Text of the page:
Does corp entity exist, in good standing? Yes; yes. SDAT shows that the entity has been forfeited three times (2009, 2010, and 2014) for failure to file personal property returns.
Location of entity’s principal office Baltimore City
Attorney for licensee N/A
# in support N/A
Attorney for community N/A
# of protestants N/A
# of inspectors/police officers N/A
Result of hearing Removed from docket
Vote tally None
Portions of state law cited in decision N/A
Other reasons given for decision N/A
Issues raised in audit present in this case or other issues observed N/A
Licensees Musibau Shittu & Christopher Nwaeze
Business Name Taste International, Inc.
Trading As Taste International
Address 4314-16 Curtis Avenue
Type of License Class “B” Beer, Wine & Liquor License
Reason for hearing

Violation of Rule 3.12: Public Welfare – February 14, 2015 – At approximately 1:28 am the Baltimore Police Department responded to the establishment known as “Taste International” due to physical altercation involving a crowd of 25-30 people that emanated from the establishment and spilled out into the public space. The altercation was observed by Police as they were stationed outside of the establishment. The physical altercation in its entirety lasted approximately 25-30 minutes outside of the bar as police tried to contain the altercation and disperse the crowd. Police were not aided by any of the security personnel of the establishment in dispersing the fight. After the police had begun to settle the crowd, some of the patrons ran back into the establishment. Investigation revealed that a physical altercation involving almost all of the patrons in the establishment was allowed to occur within the establishment. Security personnel hired by the establishment also failed to abate the altercation in the bar. As a result of the altercation someone had been stabbed and taken to Harbor Hospital. In addition, over 20 separate police units were called to the scene of the establishment to address this incident.

Violation of Rule 4.18: Illegal Conduct – February 14, 2015 – At approximately 1:28 am the Baltimore Police Department responded to the establishment known as “Taste International” due to physical altercation involving a crowd of25-30 people that emanated from the establishment and spilled out into the public space. Investigation later revealed that an all-encompassing brawl occurred inside the establishment that involved most of the patrons. Police observed broken bottles, chairs, tables, and other items littered throughout the establishment in the aftermath of the fight. As a result of the fight a victim was stabbed in the upper torso within the establishment. As the victim was leaving the establishment, Police noticed him get into a car that sped away to Harbor Hospital.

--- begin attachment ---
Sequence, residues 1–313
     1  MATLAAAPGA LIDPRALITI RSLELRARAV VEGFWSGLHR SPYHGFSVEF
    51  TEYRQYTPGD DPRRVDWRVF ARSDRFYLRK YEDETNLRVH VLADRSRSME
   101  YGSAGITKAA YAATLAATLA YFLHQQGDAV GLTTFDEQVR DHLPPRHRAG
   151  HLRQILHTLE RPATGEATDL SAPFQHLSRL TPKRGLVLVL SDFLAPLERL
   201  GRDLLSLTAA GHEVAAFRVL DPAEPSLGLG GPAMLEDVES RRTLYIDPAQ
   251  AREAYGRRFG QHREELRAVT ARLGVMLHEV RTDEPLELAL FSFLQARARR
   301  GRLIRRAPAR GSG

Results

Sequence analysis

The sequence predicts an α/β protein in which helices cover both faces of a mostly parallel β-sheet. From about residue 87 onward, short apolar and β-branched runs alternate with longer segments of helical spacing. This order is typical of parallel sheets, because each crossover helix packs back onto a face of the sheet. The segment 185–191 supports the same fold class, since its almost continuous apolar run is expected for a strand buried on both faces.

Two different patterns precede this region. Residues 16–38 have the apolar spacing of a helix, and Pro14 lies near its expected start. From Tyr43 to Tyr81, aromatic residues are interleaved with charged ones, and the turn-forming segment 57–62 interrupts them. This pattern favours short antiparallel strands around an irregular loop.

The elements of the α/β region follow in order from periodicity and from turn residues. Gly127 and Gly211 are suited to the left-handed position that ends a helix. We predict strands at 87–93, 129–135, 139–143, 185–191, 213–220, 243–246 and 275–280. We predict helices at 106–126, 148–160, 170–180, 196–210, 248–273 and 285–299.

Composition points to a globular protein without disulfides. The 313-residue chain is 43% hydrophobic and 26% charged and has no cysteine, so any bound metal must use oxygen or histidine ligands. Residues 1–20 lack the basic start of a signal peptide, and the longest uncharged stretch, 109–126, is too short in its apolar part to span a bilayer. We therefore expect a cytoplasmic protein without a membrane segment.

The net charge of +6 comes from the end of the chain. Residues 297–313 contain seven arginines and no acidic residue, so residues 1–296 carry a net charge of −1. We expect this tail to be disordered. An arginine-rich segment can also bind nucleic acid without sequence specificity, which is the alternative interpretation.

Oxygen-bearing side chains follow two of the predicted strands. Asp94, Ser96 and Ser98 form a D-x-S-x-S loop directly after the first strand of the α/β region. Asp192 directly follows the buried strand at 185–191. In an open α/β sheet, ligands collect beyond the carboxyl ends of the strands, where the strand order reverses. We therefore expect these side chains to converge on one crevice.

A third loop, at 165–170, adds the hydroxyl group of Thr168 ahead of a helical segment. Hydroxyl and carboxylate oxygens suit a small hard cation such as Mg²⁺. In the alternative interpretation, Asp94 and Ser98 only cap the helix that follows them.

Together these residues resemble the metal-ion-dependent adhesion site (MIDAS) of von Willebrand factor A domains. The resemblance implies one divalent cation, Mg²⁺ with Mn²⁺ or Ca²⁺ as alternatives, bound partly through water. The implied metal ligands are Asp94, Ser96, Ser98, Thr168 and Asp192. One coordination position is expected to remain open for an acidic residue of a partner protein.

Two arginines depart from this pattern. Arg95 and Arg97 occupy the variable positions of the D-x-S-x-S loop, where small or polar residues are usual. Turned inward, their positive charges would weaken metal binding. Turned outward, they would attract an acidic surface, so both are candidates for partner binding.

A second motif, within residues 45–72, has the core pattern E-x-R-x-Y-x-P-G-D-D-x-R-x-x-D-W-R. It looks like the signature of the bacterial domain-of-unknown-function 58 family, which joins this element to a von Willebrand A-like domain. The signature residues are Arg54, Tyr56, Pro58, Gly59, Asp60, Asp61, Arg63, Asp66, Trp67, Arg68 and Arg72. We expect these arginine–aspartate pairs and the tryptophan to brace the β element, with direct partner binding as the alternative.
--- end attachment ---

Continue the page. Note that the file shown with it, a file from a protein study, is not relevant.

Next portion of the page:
Hearing notes

Mr. Melvin Kodenski represented the licensees in the case. He requested that the hearing be postponed, due to the snowstorm happening that day. There were witnesses for the licensee who could not be present because of the weather. Chairman Ward replied that they would take testimony from the people who were present at the hearing and then see what testimony is missing.

Baltimore City Police Sergeant Marc Camarote testified that he had driven by the establishment earlier in the evening on February 14 and had seen many people in the parking lot who he recognized from past drug arrests. The people in the parking lot were yelling, cursing, and jumping up and down on cars. They were very loud and were consuming alcohol outside. When he returned, at 1:15am, there was a crowd of around 25-30 people in the parking lot engaged in a fight. He was with one other officer, and the scene was out of control, so they called for more units. There was one or more big fights with smaller fights also going on. He estimated that there were around ten different fights happening within the crowd. The crowd at one point went back inside the bar. The dispatcher issued a “signal 13,” which is a code for an officer in distress, which brought many more units of police officers to the scene, including the police Foxtrot helicopter. Camarote did not see any security guards to help control the scene. The large crowd came back out of the bar and was still out of control. The fighting spilled over into residential blocks nearby, where residents had come out onto their porches to see what was happening. Camarote testified that the scene was so loud and chaotic that he couldn’t hear his own radio. Under cross-examination, Camarote said that he did not arrest anyone, talk to any security guard, or go inside the bar. The officer refused to give the names and addresses of the nearby residents that he had spoken to, in order to protect their safety.